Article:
397 and 8 small hydropower plants with an installed capacity of 416 MW and an annual energy output
398 of 1329.40 MWh / year, which were started before 1989.

399 4.4 Bioenergy


400 Romania is the state of Europe best suited for bio-economy with a localization coefficient of 3.9.
401 This means that the share of people working in the Romanian bio-economy is almost four times the
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402 share of those working in the bio-economy of the rest of the European Union. In fact, this
403 "concentration" in the bio-economy is mainly due to a very large concentration of the labor market in
404 agriculture in Romania. One of the most important aspect that bio-economy refers to is bioenergy. In
405 the category of bioenergy can be included: (1) Solid biomass including waste; (2) Biogas and (3)
406 Liquid Biofuels.
407 Biomass is and will remain the main type of RES in Romania. The main form of energy biomass
408 produced in Romania is firewood (95%), being an important generator of GHG. Data on solid
409 biomass production presents a high degree of uncertainty (about 20%) compared to a central
410 estimate of 42 TWh in 2015, uncertainty also reflected in heating consumption and energy balances
411 of Romania. Household firewood consumption is estimated at 36 TWh; with the mention that the
412 predominant biomass is used in the production of heat, respectively heat and electricity in
413 cogeneration. The modeling results show a 20% decrease in firewood consumption by 2030, which
414 will lead to a slight decrease in production to 39 TWh.
415 We are closer to the truth considering biomass as a bridge between fossil resources and truly
416 non-polluting resources - so, at best; the use of biomass can mean a period of transition, long
417 enough, towards a truly non-polluting energy system. For now, the European Commission's report
418 only succeeds in highlighting the benefits of biomass over the use of fossil resources, but at the same
419 time highlights the possible large-scale risks that inefficient use of biomass can bring. So, it would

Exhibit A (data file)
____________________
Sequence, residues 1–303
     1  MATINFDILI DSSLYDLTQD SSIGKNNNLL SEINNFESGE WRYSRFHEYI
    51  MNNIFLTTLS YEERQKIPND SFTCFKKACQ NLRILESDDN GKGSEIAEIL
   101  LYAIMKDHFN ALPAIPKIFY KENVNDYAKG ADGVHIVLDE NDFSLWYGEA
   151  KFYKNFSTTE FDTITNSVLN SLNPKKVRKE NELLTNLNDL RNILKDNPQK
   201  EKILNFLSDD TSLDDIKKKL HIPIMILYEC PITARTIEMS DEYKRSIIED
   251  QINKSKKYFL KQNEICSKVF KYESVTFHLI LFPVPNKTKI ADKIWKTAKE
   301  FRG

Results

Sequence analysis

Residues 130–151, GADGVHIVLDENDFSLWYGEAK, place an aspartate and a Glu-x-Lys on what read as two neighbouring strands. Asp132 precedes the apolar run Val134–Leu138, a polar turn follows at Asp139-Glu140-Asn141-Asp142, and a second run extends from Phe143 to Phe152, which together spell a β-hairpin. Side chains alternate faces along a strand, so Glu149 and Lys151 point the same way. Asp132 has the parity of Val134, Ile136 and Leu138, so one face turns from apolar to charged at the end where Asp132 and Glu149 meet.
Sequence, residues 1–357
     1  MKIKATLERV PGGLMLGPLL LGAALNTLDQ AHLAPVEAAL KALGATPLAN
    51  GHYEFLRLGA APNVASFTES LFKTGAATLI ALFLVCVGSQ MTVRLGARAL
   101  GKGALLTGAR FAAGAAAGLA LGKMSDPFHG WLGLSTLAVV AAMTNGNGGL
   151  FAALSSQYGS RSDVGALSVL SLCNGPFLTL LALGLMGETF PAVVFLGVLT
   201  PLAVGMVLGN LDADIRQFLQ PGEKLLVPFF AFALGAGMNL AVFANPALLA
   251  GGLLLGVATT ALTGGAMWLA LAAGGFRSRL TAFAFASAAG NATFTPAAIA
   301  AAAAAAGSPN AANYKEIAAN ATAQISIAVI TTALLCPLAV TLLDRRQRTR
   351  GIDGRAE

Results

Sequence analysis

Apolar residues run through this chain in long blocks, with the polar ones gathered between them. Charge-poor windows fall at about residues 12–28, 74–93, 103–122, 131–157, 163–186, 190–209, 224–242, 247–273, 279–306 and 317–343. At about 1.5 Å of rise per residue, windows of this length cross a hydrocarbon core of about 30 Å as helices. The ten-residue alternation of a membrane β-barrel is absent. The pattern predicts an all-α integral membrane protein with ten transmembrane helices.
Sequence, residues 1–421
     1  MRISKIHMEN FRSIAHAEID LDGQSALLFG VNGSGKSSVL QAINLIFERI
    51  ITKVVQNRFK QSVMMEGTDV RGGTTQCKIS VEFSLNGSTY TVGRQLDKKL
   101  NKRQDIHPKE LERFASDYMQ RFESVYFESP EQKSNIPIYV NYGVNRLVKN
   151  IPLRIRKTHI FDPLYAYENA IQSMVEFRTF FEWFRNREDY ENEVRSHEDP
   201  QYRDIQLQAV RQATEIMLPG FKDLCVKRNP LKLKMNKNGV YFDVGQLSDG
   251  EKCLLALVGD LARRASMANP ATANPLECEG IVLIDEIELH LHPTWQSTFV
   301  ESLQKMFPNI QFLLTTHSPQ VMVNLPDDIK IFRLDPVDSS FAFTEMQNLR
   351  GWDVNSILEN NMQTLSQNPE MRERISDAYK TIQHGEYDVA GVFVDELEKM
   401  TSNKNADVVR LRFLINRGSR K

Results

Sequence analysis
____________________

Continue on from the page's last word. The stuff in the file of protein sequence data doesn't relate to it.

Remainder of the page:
420 require a reassessment of the importance biomass has to have in the plans of the EU countries.
4,500.0 500
4,000.0 450
3,500.0 400
350
3,000.0
300
2,500.0
250
2,000.0
200
1,500.0
150
1,000.0 100
500.0 50
0.0 0
2000 2001 2002 2003 2004 2005 2006 2007 2008 2009 2010 2011 2012 2013 2014 2015 2016

Biomass - Gross inland consumption Biomass - Primary production


Biomass - Electricity capacity (MW) Biomass - Electricity generation (GWh)
421
422 Figure 14. Main indicators evolution for biomass, 2000-2016

423 Starting with 2009, it can be observed a continuous growth both for electricity capacity and
424 electricity generation (Figure 14). The biggest growth of this indicator can be highlighted between
425 2013 and 2014, 126%. This increase is due to several major investments in the field of biomass of
426 which a significant one inaugurated is Genesis BIOPARTNER. It is a Romanian holding company
427 formed in partnership with Baupartner Romania and Vireo Energy from Sweden with a capacity of
428 1MW/h electric and 1,2MW/h heat and process 49 tons daily amount of organic substrate. The
429 project involved an investment of approximately 5 million EUR [30]. Another major investment in
430 the field, 11 million euro, was made, starting 2012, by KDF Energy.
431 In terms of biomass electricity generation, the most important increase can be observed between
432 2009 and 2010. If in 2009 the value of this indicator was 10 GWh, in 2010 it reached 110GWh. Another
433 significant increase was between 2013 and 2014, from 202 GWh to 454 GWh.
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300.0 30.0

27.3
257.1
250.0 25.0

224.8 202.9
203.3
200.0 19.3 20.0
186.6 18.3
19.6
17.7
165.1 167.1
150.0 15.0
116.1 13.1
128.0

100.0 10.0
78.8

50.0 5.0
3.1
0.6
1.3
0.0 1.1 0.0
2007 2008 2009 2010 2011 2012 2013 2014 2015 2016
Liquid biofuels - Primary production Liquid biofuels - Gross inland consumption
Biogas - Primary production
434

435 Figure 15. Main indicators evolution for biofuels and biogas, 2007-2016

436 Starting with 2010, from the perspective of primary production and gross inland consumption,
437 it can be seen a negative correlation (Figure 15). A bigger value of gross inland consumption is due
438 to imports in the field of liquid biofuels, because major companies in fuel distribution are foreign
439 entities. For the analyzed period, the total amount of biogas production was consumed by the
440 domestic market. Since 2014, biogas primary production is decreased from 19.3 to 17.7 Mtoe in 2016.
441 The Bio-Based Industries Consortium (BIC) report has identified the main local biomass sources
442 that could be used as sustainable raw materials for bio-industries as well as key actors in relevant
443 sectors and industry-based development opportunities based on these activities [31].